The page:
It’s World Breastfeeding Week – What’s The Emergency?


A mother breastfeeds in Ethiopia

This whole first week of August is World Breastfeeding Week. This year’s theme is “Breastfeeding – A Vital Emergency Response: Are You Ready?”

The theme reminds me of a family who was stranded in their car in the snow for over 9 days. They were a family of 3: Dad, Mom and an infant. I can’t remember exactly how old, but about 7-9 months old.

Anyway, that whole time, the Mom breastfed her baby and drank melted snow herself. As can be expected, the baby survived with nothing worse than a nappy rash (or maybe not even that, I’m not sure. Please post a comment and correct me if I’m wrong).

Had that baby been formula fed, she would have gotten terribly dehydrated. Her Mom would have had no choice but to give her plain water the whole time. Had that baby been formula-fed, this story would have had a more tragic ending (her Dad went on foot to try and find help but ended up lost and died).

This story is magnified in emergency situations of larger proportions: earthquakes, floods, tsunamis, famine….

As with any emergency, the key is to be prepared. This is why the World Breastfeeding Week’s Theme includes the question, “Are you ready?” “You” refers not only to mothers and their families. It also refers to:

– communities, to give appropriate support to breastfeeding mothers so they can continue to breastfeed should an emergency strike

– rescue workers, so they can reunite babies with their mothers and the breastfeeding relationship can resume

– emergency response groups, so they can meet the needs of babies and young children without accepting donations of infant formula and other breastmilk substitutes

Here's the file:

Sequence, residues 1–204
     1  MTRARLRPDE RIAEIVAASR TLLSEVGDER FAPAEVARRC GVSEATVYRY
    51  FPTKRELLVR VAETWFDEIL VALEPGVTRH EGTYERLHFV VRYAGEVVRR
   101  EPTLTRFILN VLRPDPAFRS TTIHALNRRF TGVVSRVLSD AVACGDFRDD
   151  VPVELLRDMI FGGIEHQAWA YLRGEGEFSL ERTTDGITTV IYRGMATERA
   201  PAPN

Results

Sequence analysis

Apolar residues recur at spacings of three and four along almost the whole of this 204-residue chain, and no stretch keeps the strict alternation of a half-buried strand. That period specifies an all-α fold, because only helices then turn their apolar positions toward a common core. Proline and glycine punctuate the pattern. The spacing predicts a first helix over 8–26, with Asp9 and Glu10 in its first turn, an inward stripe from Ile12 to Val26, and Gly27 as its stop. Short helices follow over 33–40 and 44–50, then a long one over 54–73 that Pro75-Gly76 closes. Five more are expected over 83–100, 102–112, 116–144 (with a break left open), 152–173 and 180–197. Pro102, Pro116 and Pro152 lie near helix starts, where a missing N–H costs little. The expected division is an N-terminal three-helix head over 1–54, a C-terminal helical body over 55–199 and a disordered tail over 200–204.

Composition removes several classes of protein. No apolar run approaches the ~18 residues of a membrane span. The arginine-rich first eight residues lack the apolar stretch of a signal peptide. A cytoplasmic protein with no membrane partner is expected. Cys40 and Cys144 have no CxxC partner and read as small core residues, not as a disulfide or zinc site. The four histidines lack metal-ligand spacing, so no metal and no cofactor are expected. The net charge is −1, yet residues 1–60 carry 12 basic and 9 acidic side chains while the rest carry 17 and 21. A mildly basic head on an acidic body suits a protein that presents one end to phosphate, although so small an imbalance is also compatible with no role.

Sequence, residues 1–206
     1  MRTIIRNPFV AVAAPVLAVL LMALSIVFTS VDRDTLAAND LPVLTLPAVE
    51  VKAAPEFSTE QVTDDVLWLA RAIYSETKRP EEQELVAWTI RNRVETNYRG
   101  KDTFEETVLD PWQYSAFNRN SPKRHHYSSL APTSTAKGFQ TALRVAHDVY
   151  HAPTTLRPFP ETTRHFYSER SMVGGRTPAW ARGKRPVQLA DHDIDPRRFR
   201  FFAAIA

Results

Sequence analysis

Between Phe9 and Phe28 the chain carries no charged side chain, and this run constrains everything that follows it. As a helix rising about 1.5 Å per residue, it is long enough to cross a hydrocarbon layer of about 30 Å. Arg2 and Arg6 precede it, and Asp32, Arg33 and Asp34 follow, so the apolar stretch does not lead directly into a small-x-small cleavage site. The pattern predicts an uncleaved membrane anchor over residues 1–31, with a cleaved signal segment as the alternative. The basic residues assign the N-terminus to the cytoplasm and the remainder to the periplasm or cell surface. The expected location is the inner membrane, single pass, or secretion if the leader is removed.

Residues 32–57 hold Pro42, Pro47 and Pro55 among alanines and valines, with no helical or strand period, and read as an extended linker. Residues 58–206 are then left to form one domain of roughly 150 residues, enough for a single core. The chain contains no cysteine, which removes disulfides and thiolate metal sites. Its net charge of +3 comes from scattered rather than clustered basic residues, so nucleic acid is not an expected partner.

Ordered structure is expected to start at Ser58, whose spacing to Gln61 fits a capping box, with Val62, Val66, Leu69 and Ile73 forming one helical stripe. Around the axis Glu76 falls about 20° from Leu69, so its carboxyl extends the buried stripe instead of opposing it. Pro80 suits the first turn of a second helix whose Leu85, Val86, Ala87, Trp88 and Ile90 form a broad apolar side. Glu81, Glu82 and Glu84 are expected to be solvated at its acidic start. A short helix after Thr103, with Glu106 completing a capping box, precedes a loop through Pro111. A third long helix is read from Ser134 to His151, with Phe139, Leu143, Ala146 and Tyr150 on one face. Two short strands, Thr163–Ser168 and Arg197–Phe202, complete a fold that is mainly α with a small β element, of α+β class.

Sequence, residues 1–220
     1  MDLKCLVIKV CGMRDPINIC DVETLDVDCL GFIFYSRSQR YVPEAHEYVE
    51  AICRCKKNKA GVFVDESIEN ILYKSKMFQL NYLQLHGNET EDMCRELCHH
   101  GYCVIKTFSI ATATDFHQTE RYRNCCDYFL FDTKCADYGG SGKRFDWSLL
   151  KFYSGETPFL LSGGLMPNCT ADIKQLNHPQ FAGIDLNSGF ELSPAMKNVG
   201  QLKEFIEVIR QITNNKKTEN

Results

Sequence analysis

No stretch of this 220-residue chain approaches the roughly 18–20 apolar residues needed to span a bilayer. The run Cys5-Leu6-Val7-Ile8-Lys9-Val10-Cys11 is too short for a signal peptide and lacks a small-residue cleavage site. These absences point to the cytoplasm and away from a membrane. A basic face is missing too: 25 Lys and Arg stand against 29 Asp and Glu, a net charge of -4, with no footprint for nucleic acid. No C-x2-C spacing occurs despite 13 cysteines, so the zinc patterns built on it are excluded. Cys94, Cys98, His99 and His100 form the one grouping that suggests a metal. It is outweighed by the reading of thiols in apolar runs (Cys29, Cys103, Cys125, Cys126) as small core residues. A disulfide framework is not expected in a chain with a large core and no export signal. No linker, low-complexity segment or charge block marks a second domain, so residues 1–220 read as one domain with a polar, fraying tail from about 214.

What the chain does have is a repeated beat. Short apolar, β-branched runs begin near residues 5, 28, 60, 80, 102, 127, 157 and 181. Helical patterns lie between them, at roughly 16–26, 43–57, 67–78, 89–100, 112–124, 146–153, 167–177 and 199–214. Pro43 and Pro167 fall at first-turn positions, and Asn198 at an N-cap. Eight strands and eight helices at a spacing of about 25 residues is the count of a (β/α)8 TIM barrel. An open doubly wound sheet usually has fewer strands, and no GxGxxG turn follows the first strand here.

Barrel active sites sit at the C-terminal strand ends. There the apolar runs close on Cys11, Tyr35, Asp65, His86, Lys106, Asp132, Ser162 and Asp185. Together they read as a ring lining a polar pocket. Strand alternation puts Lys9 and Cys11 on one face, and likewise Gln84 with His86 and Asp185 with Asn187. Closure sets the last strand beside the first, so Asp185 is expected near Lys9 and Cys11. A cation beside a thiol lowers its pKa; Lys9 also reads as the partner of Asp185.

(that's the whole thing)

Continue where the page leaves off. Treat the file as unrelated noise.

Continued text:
– counselors, so they can help traumatized mothers cope with the situation and not adversely affect their breastfeeding

– breastfeeding mothers, so they can help babies who have lost their mothers – whether temporarily or permanently – by sharing their breastmilk

But there’s another side to this story.

The absence of breastfeeding very often leads to an emergency. It may not be an emergency that affects the whole community, but it certainly affects the child who is being deprived of breastfeeding, and the child’s family – both of whom live with the consequences of not breastfeeding.

These consequences include:

– getting sick more often and to a worse degree, than their breastfed peers

– being more likely to develop allergies

– losing IQ points

– having an increased likelihood of developing diseases such as cancers, diabetes, etc., in their adult life

In these two ways, breastfeeding truly is an emergency response.

If you’d like to find out more about World Breastfeeding Week and how you can help, visit

What are you doing to support breastfeeding? Please share by posting a comment below.

PS: If you’re on Twitter and would like to help promote World Breastfeeding Week, you can do so by adding a Twibbon on your avatar. It’s super easy. Just go to for the step-by-step instructions.

Creative Commons License photo credit: babasteve

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Alexis Rodrigo

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